Secretary of the Air Force

Secretary Donley testifying before the United States Senate

On June 9, 2008, Secretary of Defense Robert M. Gates recommended that President George W. Bush nominate Donley to become the Secretary of the Air Force. Gates also announced Donley would become the acting Secretary of the Air Force effective on June 21, 2008[4] (a position he had also held in 1993 with the start of the Clinton administration). The U.S. Senate confirmed his nomination as the 22nd Secretary of the Air Force on October 2, 2008.[1] Donley was reappointed as the Secretary of the Air Force by President Barack Obama in January 2009.

As the Secretary of the Air Force, Donley was responsible for the operation of the Department of the Air Force, including organizing, training, equipping, and providing for the welfare of more than 300,000 men and women on active duty in the U.S. Air Force and their families, the 180,000 members of the Air National Guard and the Air Force Reserve, and 160,000 civilian employees of the air force. Donley also oversaw the annual budget of the Department of the Air Force, about $110 billion.[1]

On April 13, 2009, Donley and Chief of Staff of the Air Force Norton A. Schwartz jointly published an opinion piece in The Washington Post supporting the decision by Secretary Gates to discontinue the production of the F-22 Raptor fighter plane. Donley stated the "requirements for fighter inventories have declined and F-22 program costs have risen."[5]

On April 26, 2013, Donley announced plans to step down as the Secretary of the Air Force on June 21, 2013.[6] He was succeeded on that date by acting secretary Eric Fanning.[7]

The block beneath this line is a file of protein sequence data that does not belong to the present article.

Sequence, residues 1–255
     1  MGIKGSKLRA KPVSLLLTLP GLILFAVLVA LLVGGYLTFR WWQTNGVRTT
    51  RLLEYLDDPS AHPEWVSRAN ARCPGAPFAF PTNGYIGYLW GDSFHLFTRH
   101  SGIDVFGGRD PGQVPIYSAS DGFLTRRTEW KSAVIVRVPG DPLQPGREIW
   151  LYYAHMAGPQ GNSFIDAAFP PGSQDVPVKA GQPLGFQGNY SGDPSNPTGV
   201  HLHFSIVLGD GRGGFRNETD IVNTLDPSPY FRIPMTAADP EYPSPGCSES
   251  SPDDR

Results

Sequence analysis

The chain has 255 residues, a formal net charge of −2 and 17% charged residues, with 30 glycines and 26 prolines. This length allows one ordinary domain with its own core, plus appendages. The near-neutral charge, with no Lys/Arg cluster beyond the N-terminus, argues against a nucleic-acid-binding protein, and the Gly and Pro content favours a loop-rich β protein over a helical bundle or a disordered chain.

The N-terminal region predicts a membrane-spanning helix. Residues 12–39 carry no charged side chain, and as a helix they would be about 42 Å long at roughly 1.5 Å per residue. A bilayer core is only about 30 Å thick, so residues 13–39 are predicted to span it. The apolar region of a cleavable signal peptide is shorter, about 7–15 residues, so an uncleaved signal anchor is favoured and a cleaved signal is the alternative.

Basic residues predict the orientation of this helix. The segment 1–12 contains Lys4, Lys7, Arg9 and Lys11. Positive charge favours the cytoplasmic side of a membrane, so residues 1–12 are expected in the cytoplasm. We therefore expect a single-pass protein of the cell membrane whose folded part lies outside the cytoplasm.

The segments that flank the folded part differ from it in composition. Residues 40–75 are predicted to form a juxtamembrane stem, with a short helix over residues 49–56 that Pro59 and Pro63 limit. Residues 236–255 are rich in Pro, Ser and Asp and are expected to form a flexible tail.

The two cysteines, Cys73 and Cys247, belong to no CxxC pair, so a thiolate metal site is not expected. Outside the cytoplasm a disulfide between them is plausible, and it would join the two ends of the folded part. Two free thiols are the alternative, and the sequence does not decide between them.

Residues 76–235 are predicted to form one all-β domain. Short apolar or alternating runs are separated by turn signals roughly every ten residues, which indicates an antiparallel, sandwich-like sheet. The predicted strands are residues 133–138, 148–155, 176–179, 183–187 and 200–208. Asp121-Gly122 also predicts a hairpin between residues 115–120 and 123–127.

Education

Career chronology

  • 1972 – 1975, U.S. Army, XVIIIth Airborne Corps and 5th Special Forces Group (Airborne), Fort Bragg, North Carolina
  • 1978 – 1979, editor, National Security Record, Heritage Foundation, Washington, D.C.
  • 1979 – 1981, legislative assistant, U.S. Senate, Washington, D.C.
  • 1981 – 1984, professional staff member, Senate Armed Services Committee, Washington, D.C.
  • 1984 – 1987, director of defense programs, National Security Council, The White House, Washington, D.C.
  • 1987 – 1989, deputy executive secretary, National Security Council, the White House, Washington, D.C.
  • 1989 – 1993, assistant Secretary of the Air Force (Financial Management and Comptroller), Washington, D.C.
  • 1993, acting Secretary of the Air Force, Washington D.C.
  • 1993 – 1996, senior fellow at the Institute for Defense Analyses, Alexandria, Va.
  • 1996 – 2005, senior vice president at Hicks and Associates, Inc. (a subsidiary of SAIC) McLean, Virginia
  • 2005 – 2008, director of administration and management, Office of the Secretary of Defense, Washington, D.C.
  • 2008 – 2013, Secretary of the Air Force, Washington, D.C.

References

  1. ^ a b c d e f g h i "Biographies: Michael B. Donley". Washington, DC: U.S. Air Force Public Affairs Office. July 2008. Archived from the original on August 22, 2008. Retrieved November 12, 2009. United States Air Force military biography
  2. ^ a b c d e f g "DefenseLink Biography". United States Department of Defense. Retrieved June 6, 2008.
  3. ^ Tyson, Ann Scott (June 7, 2008). "Pentagon Official May Head Air Force". Washingtonpost.com. Washington, D.C. Retrieved November 12, 2009.
  4. ^ "Defense Secretary Gates Announces Recommendations to the President on Senior Air Force Leadership Positions", Officer of the Secretary of Defense Press Release, United States Department of Defense, Washington, DC, June 9, 2008.
  5. ^ Donley, Michael; Norton Schwartz (April 13, 2009). "Moving Beyond the F-22". Washington Post. Washington, D.C. Retrieved November 12, 2009.
  6. ^ http://www.militarytimes.com/article/20130426/NEWS/304260022/Donley-step-down-June
  7. ^ Schogoll, Jeff (June 21, 2013). "Donley retires; Under Secretary Fanning becomes acting AF secretary". Military Times. Retrieved June 21, 2013.

External links

Government offices
Preceded by
Richard E. Carver
Assistant Secretary of the Air Force (Financial Management & Comptroller)
1989 – 1993
Succeeded by
Robert F. Hale
Preceded by
Michael Wynne
United States Secretary of the Air Force
2008 – 2013
Succeeded by
Deborah Lee James